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Self ImpressionLife-Writing, Autobiografiction, and the Forms of Modern Literature$
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Max Saunders

Print publication date: 2010

Print ISBN-13: 9780199579761

Published to Oxford Scholarship Online: May 2010

DOI: 10.1093/acprof:oso/9780199579761.001.0001

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PRINTED FROM OXFORD SCHOLARSHIP ONLINE (oxford.universitypressscholarship.com). (c) Copyright Oxford University Press, 2021. All Rights Reserved. An individual user may print out a PDF of a single chapter of a monograph in OSO for personal use. date: 08 March 2021

Woolf, Bloomsbury, the ‘New Biography’, and the New Auto/biografiction

Woolf, Bloomsbury, the ‘New Biography’, and the New Auto/biografiction

(p.438) 11 Woolf, Bloomsbury, the ‘New Biography’, and the New Auto/biografiction
Self Impression

Max Saunders (Contributor Webpage)

Oxford University Press

This chapter focuses on the British modernist whose work represents the most sustained fictionalising engagement with biography. It recounts changes in biographical theory in Woolf's lifetime; especially her father's Dictionary of National Biography; the influence of Freud on Bloomsbury; Woolf's own critical discussions of biography; and New Criticism's antagonism to biographical interpretation; though it also draws on recent biographical criticism of Woolf. It discusses Jacob's Room and Flush, but concentrates on Orlando, arguing that it draws on the notions of imaginary and composite portraits discussed earlier. Whereas Orlando is often read as a ‘debunking’ of an obtuse biographer‐narrator, it shows how Woolf's aims are much more complex. First, the book's historical range is alert to the historical development of biography; and that the narrator is no more fixed than Orlando, but transforms with each epoch. Second, towards the ending the narrator begins to sound curiously like Lytton Strachey, himself the arch‐debunker of Victorian biographical piety. Thus Orlando is read as both example and parody of what Woolf called ‘The New Biography’. The chapter reads Woolf in parallel with Harold Nicolson's The Development of English Biography, and also his book Some People—a text whose imaginary (self)portraiture provoked her discussion of ‘The New Biography’ as well as contributing to the conception of Orlando.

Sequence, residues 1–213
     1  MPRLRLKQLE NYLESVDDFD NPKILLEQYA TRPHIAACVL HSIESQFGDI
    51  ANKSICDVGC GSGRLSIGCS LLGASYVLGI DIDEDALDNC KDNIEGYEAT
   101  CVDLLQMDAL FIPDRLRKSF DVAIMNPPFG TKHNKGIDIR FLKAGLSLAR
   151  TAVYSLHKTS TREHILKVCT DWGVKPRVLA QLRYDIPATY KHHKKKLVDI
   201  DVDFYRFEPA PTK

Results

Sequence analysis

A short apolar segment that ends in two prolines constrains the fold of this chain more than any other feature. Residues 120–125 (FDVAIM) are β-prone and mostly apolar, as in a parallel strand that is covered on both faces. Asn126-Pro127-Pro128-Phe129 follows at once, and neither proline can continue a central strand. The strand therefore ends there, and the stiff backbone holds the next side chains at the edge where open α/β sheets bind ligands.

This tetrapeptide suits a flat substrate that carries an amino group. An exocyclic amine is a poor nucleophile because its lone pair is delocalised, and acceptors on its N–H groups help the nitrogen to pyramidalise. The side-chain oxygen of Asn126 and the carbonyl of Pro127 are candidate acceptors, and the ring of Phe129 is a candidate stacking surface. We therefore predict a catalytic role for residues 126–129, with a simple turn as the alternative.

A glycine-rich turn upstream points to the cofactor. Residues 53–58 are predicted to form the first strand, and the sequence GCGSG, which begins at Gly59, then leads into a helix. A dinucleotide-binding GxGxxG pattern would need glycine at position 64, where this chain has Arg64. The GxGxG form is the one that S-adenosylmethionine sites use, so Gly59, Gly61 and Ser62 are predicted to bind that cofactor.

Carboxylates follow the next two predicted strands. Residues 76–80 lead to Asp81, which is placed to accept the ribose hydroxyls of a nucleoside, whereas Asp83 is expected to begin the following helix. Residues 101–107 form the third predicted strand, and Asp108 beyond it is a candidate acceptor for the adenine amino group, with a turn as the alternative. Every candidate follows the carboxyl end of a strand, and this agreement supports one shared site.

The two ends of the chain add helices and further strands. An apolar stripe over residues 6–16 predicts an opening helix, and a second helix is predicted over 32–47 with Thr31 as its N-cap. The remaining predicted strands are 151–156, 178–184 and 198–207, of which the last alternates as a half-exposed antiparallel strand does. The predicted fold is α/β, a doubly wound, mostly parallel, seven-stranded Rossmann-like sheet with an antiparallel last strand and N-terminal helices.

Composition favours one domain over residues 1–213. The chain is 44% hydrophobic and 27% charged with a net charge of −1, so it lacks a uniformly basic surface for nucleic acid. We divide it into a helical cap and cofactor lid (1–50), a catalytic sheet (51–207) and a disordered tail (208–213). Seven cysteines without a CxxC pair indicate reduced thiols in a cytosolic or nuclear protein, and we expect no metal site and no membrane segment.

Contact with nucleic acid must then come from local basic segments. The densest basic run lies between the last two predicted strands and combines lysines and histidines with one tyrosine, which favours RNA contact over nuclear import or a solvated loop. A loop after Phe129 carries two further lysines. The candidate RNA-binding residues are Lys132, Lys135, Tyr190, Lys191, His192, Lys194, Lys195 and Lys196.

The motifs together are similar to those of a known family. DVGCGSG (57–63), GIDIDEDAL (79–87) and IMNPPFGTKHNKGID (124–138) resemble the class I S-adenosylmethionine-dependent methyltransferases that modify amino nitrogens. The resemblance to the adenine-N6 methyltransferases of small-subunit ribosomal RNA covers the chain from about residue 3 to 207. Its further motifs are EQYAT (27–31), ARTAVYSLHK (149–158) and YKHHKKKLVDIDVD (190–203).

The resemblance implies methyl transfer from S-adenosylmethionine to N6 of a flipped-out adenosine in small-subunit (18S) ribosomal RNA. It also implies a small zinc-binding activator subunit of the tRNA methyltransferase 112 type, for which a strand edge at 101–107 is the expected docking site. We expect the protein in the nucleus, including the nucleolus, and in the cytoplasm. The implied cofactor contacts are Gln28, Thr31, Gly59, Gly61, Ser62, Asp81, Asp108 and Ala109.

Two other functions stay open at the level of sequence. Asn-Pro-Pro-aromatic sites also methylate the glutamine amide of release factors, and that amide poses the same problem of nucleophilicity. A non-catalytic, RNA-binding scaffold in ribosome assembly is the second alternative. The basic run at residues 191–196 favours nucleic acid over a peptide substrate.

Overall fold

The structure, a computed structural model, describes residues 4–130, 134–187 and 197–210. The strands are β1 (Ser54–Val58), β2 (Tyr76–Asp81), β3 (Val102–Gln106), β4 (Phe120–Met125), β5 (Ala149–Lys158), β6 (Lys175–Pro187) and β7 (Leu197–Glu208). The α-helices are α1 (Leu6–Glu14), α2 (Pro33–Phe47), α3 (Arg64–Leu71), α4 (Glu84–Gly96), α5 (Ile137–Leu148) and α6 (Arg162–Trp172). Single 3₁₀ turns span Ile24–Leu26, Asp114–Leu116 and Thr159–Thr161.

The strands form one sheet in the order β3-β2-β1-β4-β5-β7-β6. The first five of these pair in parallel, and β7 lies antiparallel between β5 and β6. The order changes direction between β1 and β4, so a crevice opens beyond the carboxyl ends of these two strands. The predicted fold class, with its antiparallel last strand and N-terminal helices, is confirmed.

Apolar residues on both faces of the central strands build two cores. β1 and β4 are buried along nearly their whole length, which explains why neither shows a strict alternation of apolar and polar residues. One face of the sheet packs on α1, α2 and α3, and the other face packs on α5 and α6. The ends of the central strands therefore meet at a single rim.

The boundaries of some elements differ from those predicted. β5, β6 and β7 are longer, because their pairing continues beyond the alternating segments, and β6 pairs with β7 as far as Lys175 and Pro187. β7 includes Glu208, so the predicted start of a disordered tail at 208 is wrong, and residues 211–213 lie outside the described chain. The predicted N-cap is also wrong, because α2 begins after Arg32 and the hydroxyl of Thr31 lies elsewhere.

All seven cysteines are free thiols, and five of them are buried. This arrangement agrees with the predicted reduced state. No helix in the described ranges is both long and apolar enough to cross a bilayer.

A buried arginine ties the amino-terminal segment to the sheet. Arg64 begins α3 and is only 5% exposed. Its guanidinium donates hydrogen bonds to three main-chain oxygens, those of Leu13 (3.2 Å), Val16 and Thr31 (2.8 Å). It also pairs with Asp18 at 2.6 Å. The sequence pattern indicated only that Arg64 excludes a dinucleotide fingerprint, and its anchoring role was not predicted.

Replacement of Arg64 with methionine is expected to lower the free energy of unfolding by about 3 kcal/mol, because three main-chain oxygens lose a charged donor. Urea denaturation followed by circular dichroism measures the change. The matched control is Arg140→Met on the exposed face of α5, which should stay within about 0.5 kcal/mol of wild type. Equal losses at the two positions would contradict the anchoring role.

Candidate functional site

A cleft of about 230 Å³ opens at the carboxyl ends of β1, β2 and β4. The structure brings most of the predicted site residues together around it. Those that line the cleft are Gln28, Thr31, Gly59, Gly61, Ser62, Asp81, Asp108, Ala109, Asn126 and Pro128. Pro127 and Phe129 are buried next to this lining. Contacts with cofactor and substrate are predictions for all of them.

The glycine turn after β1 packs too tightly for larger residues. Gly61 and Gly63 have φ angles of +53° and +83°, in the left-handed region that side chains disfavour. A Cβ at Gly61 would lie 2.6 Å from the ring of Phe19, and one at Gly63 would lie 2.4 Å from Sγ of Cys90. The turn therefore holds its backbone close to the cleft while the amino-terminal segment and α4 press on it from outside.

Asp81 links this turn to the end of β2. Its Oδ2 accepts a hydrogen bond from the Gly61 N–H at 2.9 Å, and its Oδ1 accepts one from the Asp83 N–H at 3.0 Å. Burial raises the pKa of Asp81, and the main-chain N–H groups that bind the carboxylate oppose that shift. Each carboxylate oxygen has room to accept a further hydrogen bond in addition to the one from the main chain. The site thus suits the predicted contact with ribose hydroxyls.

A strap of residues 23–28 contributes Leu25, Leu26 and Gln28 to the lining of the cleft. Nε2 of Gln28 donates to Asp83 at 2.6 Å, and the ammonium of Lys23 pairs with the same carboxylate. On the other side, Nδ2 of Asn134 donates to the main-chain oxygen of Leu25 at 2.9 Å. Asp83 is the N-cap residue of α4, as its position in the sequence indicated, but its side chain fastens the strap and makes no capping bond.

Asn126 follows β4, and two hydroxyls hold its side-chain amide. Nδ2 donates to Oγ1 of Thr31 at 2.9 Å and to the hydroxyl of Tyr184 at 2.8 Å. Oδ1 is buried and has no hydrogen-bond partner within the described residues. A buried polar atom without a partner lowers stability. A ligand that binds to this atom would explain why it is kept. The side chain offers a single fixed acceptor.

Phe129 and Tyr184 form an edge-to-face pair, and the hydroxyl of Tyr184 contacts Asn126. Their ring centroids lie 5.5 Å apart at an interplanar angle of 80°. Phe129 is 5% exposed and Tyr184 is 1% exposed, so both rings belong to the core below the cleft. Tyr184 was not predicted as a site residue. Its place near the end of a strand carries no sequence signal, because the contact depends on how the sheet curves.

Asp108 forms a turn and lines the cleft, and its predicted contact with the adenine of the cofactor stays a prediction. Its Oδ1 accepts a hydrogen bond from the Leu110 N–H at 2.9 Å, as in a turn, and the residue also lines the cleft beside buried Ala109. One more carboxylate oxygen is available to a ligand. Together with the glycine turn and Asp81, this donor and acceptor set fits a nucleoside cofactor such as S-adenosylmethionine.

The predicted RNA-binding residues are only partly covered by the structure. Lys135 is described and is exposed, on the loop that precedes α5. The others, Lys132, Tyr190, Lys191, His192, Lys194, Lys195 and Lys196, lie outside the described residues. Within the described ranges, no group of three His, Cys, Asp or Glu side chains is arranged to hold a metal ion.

Keywords:   modernism, biography, Leslie Stephen, Dictionary of National Biography, Sigmund Freud, Bloomsbury, Virginia Woolf, new criticism, Jacob's Room, flush, Orlando, imaginary portrait, composite portrait, Photograph, Lytton Strachey, eminent Victorians, the new biography, Harold Nicolson, The Development of English Biography, some people, Vita Sackville‐West, auto/biografiction, Victorian, Rachel Bowlby, Hermione Lee, Lambert Orme, fictional creativity, imaginary authorship

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